R&B vocalist Dionyza previously enjoyed success as a studio veteran, singing backup for Babyface, Christina Aguilera, and John B. She also performed on the High School Musical 1 and 2 soundtracks, but younger fans may best know her from the cartoon series Bratz — she provides the singing voices for the characters “Sasha” and “Jade.” Now Dionyza steps into the limelight with her debut CD Quite Like Me. With its thumping bass and Dionyza’s soft vocals, the album recalls Ashanti’s hip-hop sound.
Dionyza cites Teena Marie as an influence, which is most evident on “Stir It Up.” Her higher, hushed vocals and throbbing beat make for a serviceable dance tune. “If This Love Could Be” is a shot of disco, reminiscent of Stephanie Mills’ 70s work. Clearly Dionyza respects female soul singers from the 70s, and she enjoys paying homage to their work.
Too many other cuts, however, sound like virtually every other current R&B diva. “If It Kills” and “Whole” recall Leona Lewis’s “Bleeding Love.” The title track seems to follow a formula — add a beat vaguely resembling Janet Jackson’s “Nothing Really Matters,” include the requisite rap break, turn the bass way up, and feature a few electronic noises out of a Neptunes' production, and you get a ready-for-radio hit.
Dionyza’s unique voice finally surfaces on “Waiting,” a track that suits her soft vocal style. While the lyrics are the stuff of typical ballads, her layered harmonies and earnest delivery transform the song into a lovely slow jam. Add a jazz-tinged keyboard riff and a beat that doesn’t overwhelm her voice, and you get a track worthy of more established contemporary R&B singers such as Chante Moore. “Practice Makes Perfect,” although the strong bass threatens to overshadow her voice, also allows her to better utilize her wispy singing style. “Give It to Me,” although featuring a faster beat, also plays on these strengths. Her almost whispery vocals, layered over a gentle beat and jazzy chord changes, definitely show her at her best.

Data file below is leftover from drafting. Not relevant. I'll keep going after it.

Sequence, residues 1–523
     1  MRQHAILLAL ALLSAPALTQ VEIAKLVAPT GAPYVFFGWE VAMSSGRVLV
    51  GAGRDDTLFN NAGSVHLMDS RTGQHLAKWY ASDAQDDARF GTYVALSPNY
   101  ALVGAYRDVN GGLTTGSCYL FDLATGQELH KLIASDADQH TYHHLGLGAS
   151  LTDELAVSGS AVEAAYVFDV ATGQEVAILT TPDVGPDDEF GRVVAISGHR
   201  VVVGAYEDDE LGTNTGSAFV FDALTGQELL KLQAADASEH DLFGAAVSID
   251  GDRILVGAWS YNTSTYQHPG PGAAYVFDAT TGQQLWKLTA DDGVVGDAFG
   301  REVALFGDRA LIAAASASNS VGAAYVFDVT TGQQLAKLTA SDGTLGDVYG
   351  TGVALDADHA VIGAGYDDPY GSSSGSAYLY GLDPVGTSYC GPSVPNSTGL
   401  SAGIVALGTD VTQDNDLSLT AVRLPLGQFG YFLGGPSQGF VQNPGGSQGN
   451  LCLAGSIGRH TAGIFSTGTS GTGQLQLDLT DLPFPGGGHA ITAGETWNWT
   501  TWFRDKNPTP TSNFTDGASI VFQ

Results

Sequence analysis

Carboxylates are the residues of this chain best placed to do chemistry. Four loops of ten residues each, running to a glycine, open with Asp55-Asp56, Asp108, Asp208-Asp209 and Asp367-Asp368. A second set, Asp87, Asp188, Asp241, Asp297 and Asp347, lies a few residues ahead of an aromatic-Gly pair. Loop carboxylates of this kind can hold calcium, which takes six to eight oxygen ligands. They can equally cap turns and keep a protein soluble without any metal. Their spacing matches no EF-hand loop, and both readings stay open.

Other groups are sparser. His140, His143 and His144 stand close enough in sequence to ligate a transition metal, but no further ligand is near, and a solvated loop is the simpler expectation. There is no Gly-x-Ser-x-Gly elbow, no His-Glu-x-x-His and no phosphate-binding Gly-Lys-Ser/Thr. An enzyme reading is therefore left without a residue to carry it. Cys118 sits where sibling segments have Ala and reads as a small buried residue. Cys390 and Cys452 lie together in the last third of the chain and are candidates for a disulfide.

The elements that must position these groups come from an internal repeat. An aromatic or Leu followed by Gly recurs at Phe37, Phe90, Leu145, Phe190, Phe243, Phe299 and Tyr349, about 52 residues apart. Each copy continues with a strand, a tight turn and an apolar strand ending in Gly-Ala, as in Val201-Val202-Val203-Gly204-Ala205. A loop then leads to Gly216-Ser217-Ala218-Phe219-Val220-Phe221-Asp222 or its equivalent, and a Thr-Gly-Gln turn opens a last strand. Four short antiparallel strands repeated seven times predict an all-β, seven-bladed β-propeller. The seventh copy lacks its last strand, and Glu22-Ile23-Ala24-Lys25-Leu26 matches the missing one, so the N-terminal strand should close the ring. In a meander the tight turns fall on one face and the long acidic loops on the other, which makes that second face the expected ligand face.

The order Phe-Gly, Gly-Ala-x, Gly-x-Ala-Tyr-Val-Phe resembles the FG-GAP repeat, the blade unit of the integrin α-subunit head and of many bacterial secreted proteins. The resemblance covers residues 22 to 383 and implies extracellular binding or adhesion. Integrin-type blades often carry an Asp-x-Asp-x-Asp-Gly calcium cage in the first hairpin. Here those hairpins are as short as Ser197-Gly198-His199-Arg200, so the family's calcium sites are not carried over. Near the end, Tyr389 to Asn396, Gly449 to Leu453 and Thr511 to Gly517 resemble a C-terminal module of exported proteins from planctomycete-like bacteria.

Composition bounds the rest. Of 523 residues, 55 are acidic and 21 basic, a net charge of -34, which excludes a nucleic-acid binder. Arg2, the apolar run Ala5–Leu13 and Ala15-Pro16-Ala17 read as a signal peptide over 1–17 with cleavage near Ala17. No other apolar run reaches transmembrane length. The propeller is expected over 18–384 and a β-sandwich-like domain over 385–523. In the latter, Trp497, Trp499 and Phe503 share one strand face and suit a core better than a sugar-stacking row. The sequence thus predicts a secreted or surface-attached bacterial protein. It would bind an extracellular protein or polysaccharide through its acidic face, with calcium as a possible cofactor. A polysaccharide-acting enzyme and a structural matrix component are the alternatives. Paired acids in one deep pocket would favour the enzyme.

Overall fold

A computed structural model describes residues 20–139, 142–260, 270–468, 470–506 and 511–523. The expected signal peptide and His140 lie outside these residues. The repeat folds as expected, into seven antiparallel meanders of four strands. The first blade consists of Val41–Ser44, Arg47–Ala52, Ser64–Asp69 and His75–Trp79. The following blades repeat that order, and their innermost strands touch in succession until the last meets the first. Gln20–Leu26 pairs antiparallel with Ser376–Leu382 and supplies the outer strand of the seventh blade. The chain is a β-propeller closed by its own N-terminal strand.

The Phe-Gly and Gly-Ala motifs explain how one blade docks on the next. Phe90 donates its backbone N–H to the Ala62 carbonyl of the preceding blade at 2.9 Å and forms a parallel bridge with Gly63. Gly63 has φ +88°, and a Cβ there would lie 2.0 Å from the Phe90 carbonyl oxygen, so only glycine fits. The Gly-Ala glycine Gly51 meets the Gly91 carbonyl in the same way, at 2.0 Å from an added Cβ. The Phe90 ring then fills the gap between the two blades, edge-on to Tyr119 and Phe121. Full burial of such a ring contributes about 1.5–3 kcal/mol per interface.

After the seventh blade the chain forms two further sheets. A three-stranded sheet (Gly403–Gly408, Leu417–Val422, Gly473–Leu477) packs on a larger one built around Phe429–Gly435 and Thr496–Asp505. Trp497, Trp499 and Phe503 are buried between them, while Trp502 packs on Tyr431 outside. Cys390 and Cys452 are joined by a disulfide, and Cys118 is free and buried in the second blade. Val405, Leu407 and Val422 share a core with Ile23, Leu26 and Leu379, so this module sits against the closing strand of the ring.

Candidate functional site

Dionyza has obviously built a solid reputation in the studio, and deserves her chance in the spotlight. However, the R&B diva genre is already overcrowded, and she must find her unique voice in order to stand out. While she could lean toward the hip-hop sound, as it certainly sells well, venturing in a slightly different direction may help her establish a clear musical identity. Her ability to mix jazz and R&B (with a slight hip-hop beat) remains her strength, and she could focus on further developing that talent. Quite Like Me shows flashes of that talent, but ultimately gets bogged down in trying to fit the current “top 40” formula.